(Laughs) It’s possible, I hadn’t really thought of it. There’s nothing in the works right now, but it’s possible.
Who would be the Plant to your Page?
I don’t know, there’s a lot of talented people out there (laughs). I don’t know, you fill in the blanks.
Speaking of talented people out there today, a lot of people kind of lament the state of the rock scene right now. Are there any bands out there that have impressed you, and do you think it’s possible for new rock bands to come out and shake things up today like what happened 20 years ago?
Of course every era is different, but yeah sure I think there’s still room for a huge rock band to come in and change things up. There have been bands that do that, there’s a cycle of bands that keep coming in every now and then and totally changing the vibe of everything. That hasn’t changed at all. There are some things I like out there, (pauses) I’m trying to think of an alterna band that I like. There is something but I can’t think of it (laughs).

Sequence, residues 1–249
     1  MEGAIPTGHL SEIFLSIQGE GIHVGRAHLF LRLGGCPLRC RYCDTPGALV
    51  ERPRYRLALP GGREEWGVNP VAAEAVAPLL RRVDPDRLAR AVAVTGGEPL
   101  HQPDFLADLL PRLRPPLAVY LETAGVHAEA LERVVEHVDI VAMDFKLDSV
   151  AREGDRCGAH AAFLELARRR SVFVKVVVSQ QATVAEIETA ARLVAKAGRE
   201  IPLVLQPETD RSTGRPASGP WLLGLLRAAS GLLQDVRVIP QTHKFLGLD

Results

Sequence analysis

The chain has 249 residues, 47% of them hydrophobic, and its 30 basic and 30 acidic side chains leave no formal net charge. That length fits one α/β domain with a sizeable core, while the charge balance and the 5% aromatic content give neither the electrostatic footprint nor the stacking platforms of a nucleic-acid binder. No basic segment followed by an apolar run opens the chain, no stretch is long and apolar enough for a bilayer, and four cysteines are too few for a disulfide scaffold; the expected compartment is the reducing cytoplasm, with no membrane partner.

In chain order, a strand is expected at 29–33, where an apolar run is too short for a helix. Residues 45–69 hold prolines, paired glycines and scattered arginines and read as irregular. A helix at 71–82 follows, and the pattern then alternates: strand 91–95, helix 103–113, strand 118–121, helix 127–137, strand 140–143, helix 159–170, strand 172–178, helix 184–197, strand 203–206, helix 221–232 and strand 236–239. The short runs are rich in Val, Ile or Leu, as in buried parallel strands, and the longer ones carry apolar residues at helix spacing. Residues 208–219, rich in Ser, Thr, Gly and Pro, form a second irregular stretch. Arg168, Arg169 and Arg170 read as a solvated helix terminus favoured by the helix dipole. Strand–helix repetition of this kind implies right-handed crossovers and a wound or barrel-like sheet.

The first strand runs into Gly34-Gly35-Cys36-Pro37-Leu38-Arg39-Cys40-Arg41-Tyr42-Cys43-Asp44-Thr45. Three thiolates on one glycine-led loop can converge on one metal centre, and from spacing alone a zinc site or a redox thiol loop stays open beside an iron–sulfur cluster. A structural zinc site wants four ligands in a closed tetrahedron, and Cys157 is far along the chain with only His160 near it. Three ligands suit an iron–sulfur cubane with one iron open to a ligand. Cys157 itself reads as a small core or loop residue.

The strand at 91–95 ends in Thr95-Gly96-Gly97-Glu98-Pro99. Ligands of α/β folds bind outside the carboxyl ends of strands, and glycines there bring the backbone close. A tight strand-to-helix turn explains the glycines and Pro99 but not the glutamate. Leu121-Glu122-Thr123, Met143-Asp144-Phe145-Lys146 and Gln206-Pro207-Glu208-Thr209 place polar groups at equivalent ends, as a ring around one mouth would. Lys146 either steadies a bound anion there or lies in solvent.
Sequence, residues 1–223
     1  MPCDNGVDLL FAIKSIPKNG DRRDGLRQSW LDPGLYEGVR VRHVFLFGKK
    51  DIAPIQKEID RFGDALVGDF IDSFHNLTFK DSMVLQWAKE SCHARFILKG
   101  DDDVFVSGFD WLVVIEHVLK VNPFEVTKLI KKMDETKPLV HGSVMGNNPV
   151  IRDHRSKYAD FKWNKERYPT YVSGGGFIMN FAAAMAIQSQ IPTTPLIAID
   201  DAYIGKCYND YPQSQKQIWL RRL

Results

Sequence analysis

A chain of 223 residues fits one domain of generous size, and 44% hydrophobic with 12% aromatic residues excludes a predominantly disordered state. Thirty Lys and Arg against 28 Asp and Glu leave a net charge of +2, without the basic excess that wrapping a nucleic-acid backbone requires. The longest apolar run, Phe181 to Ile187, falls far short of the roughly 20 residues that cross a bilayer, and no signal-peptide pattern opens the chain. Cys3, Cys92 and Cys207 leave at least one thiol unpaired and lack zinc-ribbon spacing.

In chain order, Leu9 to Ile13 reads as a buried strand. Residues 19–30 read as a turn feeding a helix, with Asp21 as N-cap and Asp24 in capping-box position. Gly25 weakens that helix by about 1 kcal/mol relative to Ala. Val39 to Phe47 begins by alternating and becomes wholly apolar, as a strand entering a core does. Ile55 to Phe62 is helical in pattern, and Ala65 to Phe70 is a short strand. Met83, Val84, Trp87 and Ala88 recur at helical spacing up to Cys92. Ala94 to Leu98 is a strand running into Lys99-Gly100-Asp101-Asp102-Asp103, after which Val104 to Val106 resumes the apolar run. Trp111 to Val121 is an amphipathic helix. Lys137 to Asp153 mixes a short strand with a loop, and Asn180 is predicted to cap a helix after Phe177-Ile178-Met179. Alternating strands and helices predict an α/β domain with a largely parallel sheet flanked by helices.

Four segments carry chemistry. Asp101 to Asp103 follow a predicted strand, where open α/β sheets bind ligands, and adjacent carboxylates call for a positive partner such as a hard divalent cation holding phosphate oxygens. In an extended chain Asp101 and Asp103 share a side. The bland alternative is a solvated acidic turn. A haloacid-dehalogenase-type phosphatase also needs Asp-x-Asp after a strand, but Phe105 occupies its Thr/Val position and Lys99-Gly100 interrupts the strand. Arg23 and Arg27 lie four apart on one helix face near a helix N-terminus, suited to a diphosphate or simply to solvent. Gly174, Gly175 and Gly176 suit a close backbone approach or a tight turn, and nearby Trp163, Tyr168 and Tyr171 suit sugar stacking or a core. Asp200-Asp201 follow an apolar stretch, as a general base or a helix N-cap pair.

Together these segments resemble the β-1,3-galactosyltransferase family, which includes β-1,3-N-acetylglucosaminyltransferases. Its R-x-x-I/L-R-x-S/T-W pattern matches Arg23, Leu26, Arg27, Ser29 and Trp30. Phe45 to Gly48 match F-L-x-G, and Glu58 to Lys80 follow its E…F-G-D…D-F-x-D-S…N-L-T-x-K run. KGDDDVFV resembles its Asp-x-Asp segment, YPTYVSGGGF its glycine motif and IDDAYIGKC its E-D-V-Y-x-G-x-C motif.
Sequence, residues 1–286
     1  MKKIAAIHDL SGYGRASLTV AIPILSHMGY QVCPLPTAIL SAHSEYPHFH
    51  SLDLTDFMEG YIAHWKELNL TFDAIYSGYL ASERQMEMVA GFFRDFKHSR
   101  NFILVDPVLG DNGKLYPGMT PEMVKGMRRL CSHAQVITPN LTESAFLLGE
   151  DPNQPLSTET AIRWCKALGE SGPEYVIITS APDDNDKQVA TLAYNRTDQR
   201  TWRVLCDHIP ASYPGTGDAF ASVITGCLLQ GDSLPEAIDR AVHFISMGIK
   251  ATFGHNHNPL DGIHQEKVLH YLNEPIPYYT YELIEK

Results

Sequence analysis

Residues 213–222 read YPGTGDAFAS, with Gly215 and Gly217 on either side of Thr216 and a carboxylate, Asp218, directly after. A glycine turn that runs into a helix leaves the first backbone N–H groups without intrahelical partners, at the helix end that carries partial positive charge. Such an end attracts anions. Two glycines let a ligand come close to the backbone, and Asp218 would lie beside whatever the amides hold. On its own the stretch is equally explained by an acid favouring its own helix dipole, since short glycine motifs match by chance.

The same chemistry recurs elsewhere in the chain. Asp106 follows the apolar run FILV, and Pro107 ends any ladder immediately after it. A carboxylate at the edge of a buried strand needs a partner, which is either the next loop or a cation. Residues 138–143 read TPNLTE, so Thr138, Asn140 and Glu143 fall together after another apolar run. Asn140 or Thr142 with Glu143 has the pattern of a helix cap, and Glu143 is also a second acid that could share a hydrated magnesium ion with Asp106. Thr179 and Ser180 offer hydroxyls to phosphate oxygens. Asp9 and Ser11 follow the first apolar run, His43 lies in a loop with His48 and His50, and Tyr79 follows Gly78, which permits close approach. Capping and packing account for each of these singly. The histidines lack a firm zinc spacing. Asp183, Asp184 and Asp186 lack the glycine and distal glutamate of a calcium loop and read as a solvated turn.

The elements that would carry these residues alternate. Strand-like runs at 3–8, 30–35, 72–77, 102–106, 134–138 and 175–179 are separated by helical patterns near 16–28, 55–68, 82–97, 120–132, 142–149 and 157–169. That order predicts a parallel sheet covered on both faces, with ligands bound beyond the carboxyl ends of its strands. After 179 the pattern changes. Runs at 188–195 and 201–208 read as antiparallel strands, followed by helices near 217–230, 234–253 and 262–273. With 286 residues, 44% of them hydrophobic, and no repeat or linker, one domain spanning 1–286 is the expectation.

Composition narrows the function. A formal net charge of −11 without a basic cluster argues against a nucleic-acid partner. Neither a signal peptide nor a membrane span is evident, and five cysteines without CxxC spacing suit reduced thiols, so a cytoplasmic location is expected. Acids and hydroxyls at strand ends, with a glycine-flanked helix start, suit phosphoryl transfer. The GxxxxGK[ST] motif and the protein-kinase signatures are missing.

That’s not a good sign for rock music.
Yeah I mean there’s not like any heavy bands playing right now, other than somebody like Queens of the Stone Age who are awesome. (Pauses) I’m trying to think of a KROQ kind of band, honestly I like Lorde (laughs), she’s not really rock but she’s awesome and has a cool thing going.
I’ll take somebody like her over Fun. She has an overplayed song but she’s got talent, but sometimes that one song getting overplayed has a backlash.
There’s a reason that song exploded, and it wasn’t because of marketing. It wasn’t because of her age or whatever. The lyrics are awesome, her singing is awesome, and the track is totally cool. It doesn’t really sound like anything else right now, so there’s a lot of reasons to like her as an artist. I get the feeling that she just wrote all of that stuff in a vacuum, there was no big record company or other huge artist talking her up, it just sort of happened organically.
I remember Courtney Love saying that you did some production work with her in the last year or so. How was it working with her?
She did stuff at our studio before, we were supposed to work on something but it didn’t happen (laughs).
So she said it happened and it didn’t happen? (Laughs)